Two peach planting systems, small vase (SV) and Y-trellis (Y), were evaluated and compared in the Mediterranean settings of Southern Italy. The two orchards were located next to each other on relatively uniform soil and terrain, and the observations included two peach (Rich May and Summer Rich) and two nectarine (Big Bang and Nectaross) cultivars. In the SV system, trees were spaced at 4.5 x 2 m (888 trees/ha), whereas in the Y system, trees were spaced at 5.5 x 2 m (909 trees/ha) and no roof gap was left between rows. Yield per tree, fruit size grade, unit price of sold peaches for each size grade, materials and labor for cultural management and associated costs, fixed costs at planting, and grower's profit were quantified during the first six years from planting. Fixed costs at planting were twice as much in the Y system, and no significant yield was recorded in the first two years in any of the two systems. Regardless of cultivar, the Y system reported 23% higher yields, 31% greater amount of management labor, and 17% lower labor efficiency (kg/hour) than the SV system. Peach unit value (euro/kg) was similar in the two systems. Profit varied greatly depending on the cultivar, and only 'Nectaross' generated a greater profit in the Y than the SV system. For this cultivar, the pay-back period (years needed to pay off the additional investment of establishing a Y by its additional profit) was 1.8 years, indicating an advantage of the Y system over the SV by the 3rd year. The yield gap between the two systems tended to decrease after the 5th year. The latter, along with the high initial investment and management costs in the Y system, suggests better performance and more sustainable productions in the SV than in the Y system.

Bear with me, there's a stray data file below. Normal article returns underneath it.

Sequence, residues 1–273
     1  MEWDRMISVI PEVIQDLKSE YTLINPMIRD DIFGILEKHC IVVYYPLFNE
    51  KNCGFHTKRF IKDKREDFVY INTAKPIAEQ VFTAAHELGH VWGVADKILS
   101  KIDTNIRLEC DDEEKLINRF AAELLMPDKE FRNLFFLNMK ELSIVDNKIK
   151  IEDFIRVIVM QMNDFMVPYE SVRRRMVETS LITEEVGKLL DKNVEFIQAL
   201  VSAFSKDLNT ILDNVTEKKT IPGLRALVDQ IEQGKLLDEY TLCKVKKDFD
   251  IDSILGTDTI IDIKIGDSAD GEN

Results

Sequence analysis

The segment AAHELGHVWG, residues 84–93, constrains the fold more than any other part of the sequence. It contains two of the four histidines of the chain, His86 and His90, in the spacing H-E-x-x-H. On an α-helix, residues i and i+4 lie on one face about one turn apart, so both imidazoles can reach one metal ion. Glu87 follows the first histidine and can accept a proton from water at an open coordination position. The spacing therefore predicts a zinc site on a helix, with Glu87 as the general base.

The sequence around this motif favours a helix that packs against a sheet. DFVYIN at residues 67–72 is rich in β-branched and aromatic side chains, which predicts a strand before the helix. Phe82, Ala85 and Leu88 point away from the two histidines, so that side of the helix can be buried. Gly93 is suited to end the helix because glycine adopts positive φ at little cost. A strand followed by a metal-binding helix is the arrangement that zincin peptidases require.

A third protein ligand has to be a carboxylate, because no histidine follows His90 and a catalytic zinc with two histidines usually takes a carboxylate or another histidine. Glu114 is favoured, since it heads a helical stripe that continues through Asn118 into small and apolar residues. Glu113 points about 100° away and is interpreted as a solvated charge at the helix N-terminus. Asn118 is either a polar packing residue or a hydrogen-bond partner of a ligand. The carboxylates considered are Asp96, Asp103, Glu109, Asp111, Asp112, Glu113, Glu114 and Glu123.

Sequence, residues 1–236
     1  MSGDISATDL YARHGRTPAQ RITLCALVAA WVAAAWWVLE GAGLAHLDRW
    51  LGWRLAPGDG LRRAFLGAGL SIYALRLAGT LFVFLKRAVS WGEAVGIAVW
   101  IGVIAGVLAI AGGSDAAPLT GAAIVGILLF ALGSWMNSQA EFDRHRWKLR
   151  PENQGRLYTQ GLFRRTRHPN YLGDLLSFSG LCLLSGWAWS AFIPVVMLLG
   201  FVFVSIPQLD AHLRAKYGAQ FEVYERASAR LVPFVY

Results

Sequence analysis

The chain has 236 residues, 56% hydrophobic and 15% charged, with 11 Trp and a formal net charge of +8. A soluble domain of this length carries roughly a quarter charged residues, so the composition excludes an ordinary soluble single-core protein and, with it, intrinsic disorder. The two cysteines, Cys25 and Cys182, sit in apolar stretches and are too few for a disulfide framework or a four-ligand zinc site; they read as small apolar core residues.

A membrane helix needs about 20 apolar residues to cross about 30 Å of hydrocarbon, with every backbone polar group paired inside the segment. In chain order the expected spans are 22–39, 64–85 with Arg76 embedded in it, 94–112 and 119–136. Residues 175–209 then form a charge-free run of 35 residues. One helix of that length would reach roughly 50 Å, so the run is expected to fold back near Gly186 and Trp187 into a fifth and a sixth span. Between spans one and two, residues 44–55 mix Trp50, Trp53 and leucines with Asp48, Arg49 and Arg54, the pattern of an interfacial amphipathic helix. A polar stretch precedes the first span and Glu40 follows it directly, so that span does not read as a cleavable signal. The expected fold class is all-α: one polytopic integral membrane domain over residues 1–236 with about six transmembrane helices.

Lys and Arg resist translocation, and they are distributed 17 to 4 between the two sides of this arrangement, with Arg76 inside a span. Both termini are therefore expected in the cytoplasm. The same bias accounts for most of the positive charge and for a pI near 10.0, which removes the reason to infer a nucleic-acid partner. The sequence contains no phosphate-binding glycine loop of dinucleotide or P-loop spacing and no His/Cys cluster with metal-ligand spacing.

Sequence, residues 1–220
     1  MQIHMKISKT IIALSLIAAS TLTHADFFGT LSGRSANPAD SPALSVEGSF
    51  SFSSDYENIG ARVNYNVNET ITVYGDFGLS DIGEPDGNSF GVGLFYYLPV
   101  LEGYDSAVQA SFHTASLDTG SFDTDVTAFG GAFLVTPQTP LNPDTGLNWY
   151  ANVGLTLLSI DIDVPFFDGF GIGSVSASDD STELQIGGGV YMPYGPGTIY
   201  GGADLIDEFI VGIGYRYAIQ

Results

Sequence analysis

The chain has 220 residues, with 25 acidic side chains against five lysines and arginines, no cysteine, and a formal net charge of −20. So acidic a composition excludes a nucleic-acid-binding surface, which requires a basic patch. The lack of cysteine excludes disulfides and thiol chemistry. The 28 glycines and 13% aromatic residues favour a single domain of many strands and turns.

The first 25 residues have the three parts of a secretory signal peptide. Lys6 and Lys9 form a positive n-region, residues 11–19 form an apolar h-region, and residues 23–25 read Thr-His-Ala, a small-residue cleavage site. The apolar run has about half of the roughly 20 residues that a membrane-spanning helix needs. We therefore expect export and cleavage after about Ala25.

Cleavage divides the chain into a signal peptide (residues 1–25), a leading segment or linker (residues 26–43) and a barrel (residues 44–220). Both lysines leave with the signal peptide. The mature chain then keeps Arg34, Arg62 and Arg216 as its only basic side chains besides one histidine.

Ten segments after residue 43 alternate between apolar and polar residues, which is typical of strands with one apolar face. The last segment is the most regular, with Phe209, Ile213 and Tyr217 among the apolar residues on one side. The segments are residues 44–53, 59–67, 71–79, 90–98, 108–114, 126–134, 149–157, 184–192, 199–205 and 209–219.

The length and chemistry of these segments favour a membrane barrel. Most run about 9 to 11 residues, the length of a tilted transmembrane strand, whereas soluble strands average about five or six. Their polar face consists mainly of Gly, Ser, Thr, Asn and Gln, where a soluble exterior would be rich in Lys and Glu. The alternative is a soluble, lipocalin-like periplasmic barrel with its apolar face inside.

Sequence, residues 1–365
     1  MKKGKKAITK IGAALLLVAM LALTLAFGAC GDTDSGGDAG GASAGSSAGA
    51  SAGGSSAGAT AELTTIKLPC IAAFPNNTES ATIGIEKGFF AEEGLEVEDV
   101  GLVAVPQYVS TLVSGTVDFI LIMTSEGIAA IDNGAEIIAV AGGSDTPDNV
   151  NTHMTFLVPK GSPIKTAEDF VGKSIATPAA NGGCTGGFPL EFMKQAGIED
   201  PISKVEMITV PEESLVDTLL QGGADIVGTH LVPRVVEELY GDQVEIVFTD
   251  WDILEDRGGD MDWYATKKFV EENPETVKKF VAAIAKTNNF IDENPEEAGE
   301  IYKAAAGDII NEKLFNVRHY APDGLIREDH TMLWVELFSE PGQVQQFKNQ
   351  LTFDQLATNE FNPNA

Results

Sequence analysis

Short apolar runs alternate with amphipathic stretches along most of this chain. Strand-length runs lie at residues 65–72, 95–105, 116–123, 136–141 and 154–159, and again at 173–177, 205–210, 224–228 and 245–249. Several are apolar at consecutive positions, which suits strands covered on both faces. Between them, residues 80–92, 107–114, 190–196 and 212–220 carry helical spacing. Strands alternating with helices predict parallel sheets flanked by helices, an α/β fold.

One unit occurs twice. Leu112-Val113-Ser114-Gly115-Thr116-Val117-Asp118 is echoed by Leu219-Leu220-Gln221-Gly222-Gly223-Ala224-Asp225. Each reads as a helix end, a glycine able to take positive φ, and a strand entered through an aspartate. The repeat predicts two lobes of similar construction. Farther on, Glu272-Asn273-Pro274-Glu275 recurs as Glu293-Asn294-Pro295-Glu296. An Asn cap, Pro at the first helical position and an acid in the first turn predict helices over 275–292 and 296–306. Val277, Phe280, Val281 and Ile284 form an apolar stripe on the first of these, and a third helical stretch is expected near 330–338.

|Numero di pagine||6|
|Stato di pubblicazione||Published - 2015|
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